Academics research on “Addendum”

Initiating IPD Concepts on Campus Facilities with a” Collaboration Addendum”, Franz, B., & Leicht, R. M. (2012). Initiating IPD Concepts on Campus Facilities with a” Collaboration Addendum”. In Construction Research Congress 2012: Construction Challenges in a Flat World (pp. 61-70). Integrated project delivery (IPD) is attracting the attention of owners, seeking a more collaborative, shared risk, design and construction environment for high-performance building projects. However, the administration of a tri-party or multi-party contract requires a high level of owner involvement and experienced contractors. For owners considering an IPD approach, but unable or unprepared to pursue a multi-party agreement, several “IPD-lite” options are being tested within the construction industry. This research uses quasi-experimental observational case studies of four campus facility projects to follow the progress of the Pennsylvania State University’s facility management organization, the Office of Physical Plant (OPP), through the development and implementation of a Collaboration Addendum as a supplementary contract attachment. Since the selected case studies are planned using traditional delivery methods, the Addendum was designed to integrate desired characteristics of an IPD approach, including: early involvement of project participants, collaborative decision-making, collocation and a performance-based incentive program. The development of the attachment followed a three step procedure of (1) defining the collaborative intent, (2) refining the intent on a project or team-specific basis and (3) outlining the desired process for achieving meaningful collaboration. Metrics for assessing the success of the Addendum were developed to determine the effectiveness of achieved levels of collaboration and included performance measures of timeliness of communication and meeting effectiveness. This paper reports the development and in-process implementation of the Addendum on selected case study facilities, as a means of promoting collaborative team behavior.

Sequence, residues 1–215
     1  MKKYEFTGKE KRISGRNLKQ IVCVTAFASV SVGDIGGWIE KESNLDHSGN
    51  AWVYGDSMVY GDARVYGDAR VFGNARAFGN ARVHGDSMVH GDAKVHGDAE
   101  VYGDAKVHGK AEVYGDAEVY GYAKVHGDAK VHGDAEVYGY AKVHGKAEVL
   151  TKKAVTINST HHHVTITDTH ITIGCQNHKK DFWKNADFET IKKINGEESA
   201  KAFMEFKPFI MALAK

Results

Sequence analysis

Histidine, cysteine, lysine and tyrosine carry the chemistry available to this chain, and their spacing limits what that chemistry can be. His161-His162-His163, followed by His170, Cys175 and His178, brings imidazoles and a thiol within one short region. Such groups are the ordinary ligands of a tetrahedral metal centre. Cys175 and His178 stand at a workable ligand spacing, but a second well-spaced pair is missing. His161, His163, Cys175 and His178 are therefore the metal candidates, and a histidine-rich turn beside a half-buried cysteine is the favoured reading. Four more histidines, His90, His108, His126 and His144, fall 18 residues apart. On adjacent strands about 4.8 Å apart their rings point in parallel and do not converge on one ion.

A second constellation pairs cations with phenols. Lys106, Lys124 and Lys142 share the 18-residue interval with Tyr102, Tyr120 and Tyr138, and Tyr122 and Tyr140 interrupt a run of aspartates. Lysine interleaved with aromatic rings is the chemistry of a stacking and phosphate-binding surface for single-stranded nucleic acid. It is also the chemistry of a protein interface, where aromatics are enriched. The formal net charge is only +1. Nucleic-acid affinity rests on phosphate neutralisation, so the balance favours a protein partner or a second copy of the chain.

ConsensusDOCS 301 BIM addendum, Lowe, R. H., & Muncey, J. M. (2009). ConsensusDOCS 301 BIM addendum. Constr. Law., 29, 17.

ADDENDUM I, Manual, I. M. S. S. O., & Attachment, E. (1993). ADDENDUM I. INLINE INC.

Interpreting the NFL Player Contract, Roberts, G. R. (1992). Interpreting the NFL Player Contract. Marq. Sports LJ, 3, 29.

Outcomes of family counseling interventions with children who resist visitation: An addendum to Friedlander and Walters (2010), Johnston, J. R., & Goldman, J. R. (2010). Outcomes of family counseling interventions with children who resist visitation: An addendum to Friedlander and Walters (2010). Family Court Review, 48(1), 112-115. Preliminary findings on the outcomes of family‐focused counseling interventions for alienated and estranged children are presented based upon data from a longitudinal study of children in chronic custody disputes who were interviewed as young adults and from the clinical records of long‐term therapy with these children who were resisting visitation.